G.I. Jonny is a viral information campaign produced by the BBC to raise awareness about HIV in the UK.

The campaign runs from 1 October until World AIDS Day on 1 December 2007.

The aim is to empower teenagers and young people with the facts about HIV and encourage them to protect each other from infection by sharing this information.

You can support the campaign in a number of different ways. Customise your own G.I. Jonny action figure here on the campaign website, download the G.I. Jonny Facebook application or attend an awareness event in your town or at your college or university. However you choose to get involved with G.I. Jonny, we want you to inform yourself with vital HIV facts and protect your friends by passing this information on.

G.I. Jonny has been developed in partnership with and is supported by the Terrence Higgins Trust (THT), a leading HIV and sexual health charity

The BBC and THT would like to thank Durex for assisting this campaign by providing 150,000 free condoms for distribution at events throughout the UK. Go to the site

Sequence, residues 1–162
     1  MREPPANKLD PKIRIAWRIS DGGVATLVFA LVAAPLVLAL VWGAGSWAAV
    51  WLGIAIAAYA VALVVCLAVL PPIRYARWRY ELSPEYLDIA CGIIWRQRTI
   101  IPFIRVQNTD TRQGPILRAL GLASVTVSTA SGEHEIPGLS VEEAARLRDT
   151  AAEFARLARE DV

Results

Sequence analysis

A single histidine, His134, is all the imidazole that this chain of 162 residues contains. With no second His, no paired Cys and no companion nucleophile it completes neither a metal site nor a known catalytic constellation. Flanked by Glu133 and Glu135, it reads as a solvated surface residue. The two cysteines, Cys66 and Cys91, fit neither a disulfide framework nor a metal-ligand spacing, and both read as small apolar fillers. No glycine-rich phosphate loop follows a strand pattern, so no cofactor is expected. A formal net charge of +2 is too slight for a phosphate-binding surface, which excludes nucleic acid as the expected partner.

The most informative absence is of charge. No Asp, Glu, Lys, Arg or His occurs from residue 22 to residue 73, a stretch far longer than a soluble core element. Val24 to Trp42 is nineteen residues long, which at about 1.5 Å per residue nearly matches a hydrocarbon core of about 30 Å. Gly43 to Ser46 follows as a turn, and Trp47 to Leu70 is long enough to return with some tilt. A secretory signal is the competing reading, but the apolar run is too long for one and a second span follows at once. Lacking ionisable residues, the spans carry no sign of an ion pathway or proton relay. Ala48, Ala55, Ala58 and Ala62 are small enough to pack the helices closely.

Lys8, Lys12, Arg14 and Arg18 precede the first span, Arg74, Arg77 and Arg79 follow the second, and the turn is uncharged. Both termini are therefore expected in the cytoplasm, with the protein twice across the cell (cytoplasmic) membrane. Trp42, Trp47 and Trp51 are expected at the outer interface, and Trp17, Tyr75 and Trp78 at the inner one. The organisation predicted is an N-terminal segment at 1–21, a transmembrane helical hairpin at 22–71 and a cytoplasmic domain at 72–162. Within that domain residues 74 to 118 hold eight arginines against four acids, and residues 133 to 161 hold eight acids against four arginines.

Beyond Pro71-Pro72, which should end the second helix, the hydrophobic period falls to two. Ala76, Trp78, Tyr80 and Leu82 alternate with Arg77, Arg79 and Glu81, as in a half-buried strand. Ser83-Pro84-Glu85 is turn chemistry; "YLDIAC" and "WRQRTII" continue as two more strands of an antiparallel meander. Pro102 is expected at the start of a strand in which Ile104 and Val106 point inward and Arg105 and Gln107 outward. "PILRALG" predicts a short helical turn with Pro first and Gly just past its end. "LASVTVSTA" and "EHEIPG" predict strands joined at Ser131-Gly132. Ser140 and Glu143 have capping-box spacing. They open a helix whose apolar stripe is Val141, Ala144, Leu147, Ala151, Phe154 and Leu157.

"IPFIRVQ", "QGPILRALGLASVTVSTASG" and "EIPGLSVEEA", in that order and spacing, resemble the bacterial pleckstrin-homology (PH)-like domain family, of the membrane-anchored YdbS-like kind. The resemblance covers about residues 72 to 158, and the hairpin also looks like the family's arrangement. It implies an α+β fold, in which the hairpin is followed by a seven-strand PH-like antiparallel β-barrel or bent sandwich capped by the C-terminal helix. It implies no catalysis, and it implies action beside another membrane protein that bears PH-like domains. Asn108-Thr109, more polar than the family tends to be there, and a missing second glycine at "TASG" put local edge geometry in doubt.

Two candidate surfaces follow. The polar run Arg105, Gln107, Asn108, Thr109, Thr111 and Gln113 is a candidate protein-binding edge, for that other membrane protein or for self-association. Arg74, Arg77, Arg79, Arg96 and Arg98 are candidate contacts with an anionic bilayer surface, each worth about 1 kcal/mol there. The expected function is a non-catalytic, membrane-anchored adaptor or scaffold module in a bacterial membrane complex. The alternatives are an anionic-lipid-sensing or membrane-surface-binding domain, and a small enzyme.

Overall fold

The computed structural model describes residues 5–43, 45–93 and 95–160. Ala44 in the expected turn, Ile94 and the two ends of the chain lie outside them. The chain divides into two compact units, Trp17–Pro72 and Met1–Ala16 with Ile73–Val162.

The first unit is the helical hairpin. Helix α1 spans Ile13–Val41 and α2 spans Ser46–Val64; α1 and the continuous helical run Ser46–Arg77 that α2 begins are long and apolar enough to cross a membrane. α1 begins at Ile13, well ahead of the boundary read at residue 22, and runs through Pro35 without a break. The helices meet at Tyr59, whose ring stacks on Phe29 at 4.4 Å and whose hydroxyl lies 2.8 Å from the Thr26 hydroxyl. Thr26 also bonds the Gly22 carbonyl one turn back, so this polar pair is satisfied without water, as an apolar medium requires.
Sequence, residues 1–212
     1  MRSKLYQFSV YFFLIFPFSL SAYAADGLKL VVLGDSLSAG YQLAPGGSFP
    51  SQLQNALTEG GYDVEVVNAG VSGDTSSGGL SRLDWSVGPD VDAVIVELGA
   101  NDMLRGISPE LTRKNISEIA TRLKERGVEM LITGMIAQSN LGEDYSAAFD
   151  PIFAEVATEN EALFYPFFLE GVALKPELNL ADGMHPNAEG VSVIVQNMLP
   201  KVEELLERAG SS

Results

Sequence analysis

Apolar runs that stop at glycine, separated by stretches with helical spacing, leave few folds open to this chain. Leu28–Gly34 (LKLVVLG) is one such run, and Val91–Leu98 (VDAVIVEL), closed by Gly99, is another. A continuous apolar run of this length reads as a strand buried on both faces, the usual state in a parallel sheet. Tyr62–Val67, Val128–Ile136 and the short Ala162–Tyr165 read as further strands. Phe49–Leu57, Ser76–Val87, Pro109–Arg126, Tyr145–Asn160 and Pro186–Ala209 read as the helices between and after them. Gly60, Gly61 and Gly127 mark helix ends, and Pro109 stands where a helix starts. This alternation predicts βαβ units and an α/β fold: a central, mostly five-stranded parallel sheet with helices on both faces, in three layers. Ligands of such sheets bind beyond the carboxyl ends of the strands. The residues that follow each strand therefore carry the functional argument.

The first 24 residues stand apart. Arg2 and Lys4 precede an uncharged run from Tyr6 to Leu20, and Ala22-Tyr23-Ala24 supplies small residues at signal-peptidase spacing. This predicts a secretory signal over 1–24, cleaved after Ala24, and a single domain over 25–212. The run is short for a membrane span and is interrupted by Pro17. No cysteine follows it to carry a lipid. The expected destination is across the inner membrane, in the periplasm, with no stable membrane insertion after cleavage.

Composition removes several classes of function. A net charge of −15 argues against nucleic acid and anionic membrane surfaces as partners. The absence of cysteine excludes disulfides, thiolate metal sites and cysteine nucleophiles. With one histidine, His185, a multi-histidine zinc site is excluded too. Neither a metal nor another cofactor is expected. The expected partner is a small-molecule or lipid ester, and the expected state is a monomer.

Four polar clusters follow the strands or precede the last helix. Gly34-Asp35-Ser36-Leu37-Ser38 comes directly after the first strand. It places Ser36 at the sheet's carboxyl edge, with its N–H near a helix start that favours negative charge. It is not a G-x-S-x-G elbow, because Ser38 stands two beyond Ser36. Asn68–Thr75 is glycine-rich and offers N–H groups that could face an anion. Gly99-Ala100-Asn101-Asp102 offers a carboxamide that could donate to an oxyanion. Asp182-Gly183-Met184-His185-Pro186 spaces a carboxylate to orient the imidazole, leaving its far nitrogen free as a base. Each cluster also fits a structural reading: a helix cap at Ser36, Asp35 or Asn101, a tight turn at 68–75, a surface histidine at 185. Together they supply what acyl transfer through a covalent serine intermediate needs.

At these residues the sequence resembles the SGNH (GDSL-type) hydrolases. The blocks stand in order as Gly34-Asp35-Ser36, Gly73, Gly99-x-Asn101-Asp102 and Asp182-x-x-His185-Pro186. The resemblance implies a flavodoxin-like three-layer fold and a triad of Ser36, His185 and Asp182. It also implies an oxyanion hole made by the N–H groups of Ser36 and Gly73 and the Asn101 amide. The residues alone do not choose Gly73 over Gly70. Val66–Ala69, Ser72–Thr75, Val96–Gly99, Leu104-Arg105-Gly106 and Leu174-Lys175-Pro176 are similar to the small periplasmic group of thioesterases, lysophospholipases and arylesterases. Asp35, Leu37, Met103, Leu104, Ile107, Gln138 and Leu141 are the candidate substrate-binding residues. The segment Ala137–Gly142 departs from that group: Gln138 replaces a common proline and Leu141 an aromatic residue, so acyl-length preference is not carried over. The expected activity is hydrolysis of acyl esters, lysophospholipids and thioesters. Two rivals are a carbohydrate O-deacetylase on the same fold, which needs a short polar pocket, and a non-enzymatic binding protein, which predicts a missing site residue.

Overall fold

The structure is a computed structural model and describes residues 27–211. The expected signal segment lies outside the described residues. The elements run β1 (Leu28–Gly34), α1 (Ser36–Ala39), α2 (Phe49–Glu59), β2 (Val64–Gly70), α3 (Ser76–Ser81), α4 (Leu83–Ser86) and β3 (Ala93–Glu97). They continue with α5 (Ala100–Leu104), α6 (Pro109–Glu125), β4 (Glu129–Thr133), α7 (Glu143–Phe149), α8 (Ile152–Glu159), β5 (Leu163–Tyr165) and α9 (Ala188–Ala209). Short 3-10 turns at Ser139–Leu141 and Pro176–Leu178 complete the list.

For SHAG week events, go here.

All in the best possible taste!

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Muslim letter to the Pope: A Common Word between Us and You

[...] Finding common ground between Muslims and Christians is not simply a matter for polite ecumenical dialogue between selected religious leaders. Christianity and Islam are the largest and second largest religions in the world and in history. Christians and Muslims reportedly make up over a third and over a fifth of humanity respectively. Together they make up more than 55% of the world’s population, making the relationship between these two religious communities the most important factor in contributing to meaningful peace around the world. If Muslims and Christians are not at peace, the world cannot be at peace. With the terrible weaponry of the modern world; with Muslims and Christians intertwined everywhere as never before, no side can unilaterally win a conflict between more than half of the world’s inhabitants. Thus our common future is at stake. The very survival of the world itself is perhaps at stake.